0 upvotes
maxnoy
By maxnoy (2 months ago)

I use this card all the time now. Shooting raw+small jpeg allows me to do quick selects edits on the iphone for posting to facebook/etc from a camera that has no built-in wifi. Results are excellent, it's super quick to get those up compared to editing raw, and can be done on the go. And I always have the RAWs for prints/jobs/etc. Despite limitations, for me personally, best ~100 bucks I've spent on camera equipment in a while.

1 upvote
Liberator
By Liberator (2 months ago)

I use Toshiba Flashair with my OMD and I like better than Eye-Fi. I used to have one but never liked it

1 upvote
Juck
By Juck (2 months ago)

Fascinating, yet pointless unless you tell us why you never liked the eye-fi. Was it the color?

7 upvotes
///M
By ///M (2 months ago)

most likely the posters eye-fi has some missing capability (most of their cards historically lacked one or another major feature for no other reason then to sell a higher price/larger profit margin card, its their business model, not technological limitation) where as the toshiba just does everything OOTB

2 upvotes
FujicaST605
By FujicaST605 (2 months ago)

Most of the critics here have nor even used the card. I have used it at events where we take the picture and people have the option to but. Having the pictures on an ipad for customer review nearly instantly, increases sales.

Comment edited 3 times, last edit 54 seconds after posting
2 upvotes
DaytonR
By DaytonR (2 months ago)

Interesting stuff ! I liked the part were the reviewer also reiterated the same point regarding customers being impressed.... I guess it looks more modern and hi-tech using one of these cards :)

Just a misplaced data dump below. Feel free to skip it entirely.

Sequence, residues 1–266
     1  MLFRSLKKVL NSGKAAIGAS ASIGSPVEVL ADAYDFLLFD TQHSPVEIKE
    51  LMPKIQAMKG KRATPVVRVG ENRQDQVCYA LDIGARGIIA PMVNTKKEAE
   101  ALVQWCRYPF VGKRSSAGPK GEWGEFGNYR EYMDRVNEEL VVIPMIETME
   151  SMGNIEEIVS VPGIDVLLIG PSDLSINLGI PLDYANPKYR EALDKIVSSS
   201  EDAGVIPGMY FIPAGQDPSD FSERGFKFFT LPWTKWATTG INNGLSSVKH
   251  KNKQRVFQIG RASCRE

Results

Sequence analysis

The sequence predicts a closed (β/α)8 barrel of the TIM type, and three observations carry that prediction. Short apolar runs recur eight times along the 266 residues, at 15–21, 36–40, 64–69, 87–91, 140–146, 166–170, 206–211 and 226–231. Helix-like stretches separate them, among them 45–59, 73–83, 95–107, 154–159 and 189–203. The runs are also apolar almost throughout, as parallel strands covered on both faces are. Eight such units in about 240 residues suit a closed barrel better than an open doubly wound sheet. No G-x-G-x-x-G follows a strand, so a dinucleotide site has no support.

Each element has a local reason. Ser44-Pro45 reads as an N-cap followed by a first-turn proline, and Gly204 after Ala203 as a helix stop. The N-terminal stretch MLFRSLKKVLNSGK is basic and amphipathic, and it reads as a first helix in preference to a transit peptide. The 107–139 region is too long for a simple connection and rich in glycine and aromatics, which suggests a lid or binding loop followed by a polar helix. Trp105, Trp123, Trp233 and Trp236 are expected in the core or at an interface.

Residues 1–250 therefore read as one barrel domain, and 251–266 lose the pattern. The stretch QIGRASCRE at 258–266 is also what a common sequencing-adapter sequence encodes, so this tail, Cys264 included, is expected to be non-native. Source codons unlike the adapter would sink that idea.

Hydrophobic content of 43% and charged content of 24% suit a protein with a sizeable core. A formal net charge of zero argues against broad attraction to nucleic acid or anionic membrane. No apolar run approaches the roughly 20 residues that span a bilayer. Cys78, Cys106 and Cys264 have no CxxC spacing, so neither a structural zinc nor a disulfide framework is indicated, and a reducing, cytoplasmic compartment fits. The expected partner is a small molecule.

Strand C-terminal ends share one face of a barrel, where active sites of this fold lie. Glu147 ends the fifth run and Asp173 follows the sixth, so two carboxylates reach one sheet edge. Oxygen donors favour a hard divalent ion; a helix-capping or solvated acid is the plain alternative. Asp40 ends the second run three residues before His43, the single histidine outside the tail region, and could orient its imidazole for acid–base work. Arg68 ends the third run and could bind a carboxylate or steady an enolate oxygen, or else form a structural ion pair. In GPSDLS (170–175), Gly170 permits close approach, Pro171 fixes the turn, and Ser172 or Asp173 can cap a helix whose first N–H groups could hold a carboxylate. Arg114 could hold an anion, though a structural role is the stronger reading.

0 upvotes
girlsgamesonly
By girlsgamesonly (2 months ago)

i need to know that as well

0 upvotes
Lee Jay
By Lee Jay (2 months ago)

"If you're looking for a Wi-Fi card that's simple to setup and blasts images off into cyberspace in a matter of seconds..."

Unless you are a real-time photo-journalist, there's no good reason to do this, and it's generally a bad idea for multiple reasons.

1 upvote
Cane
By Cane (2 months ago)

Um, no it's not.

3 upvotes
maxnoy
By maxnoy (2 months ago)

You are really off the mark here. It's a super useful capability. I use it more and more.

1 upvote
Bill Dusterwald
By Bill Dusterwald (2 months ago)

If you are a commercial photographer and want to get a reaction from your client, this is ideal. If you're a astro-photographer and want to see the image on a laptop. So it is not a waste at all

1 upvote
Lee Jay
By Lee Jay (2 months ago)

I do astrophotography, and I connect with a USB cable. I'm out there with the scope anyway, so there's no harm in using a cable.

I never, ever post un-processed images, and I generally like to look at them with at least one "sleep" in between looks. And when I'm on vacation, I don't tell anyone that I'm leaving except those that have to know, and never post pictures until I get back, and usually not for a week or two after that. I don't want anyone to know that I'm gone. I also would never post real-time images of what I'm doing even when I'm not away from home - too invasive and having them be a day or two later makes no real difference.

1 upvote
alexzn
By alexzn (2 months ago)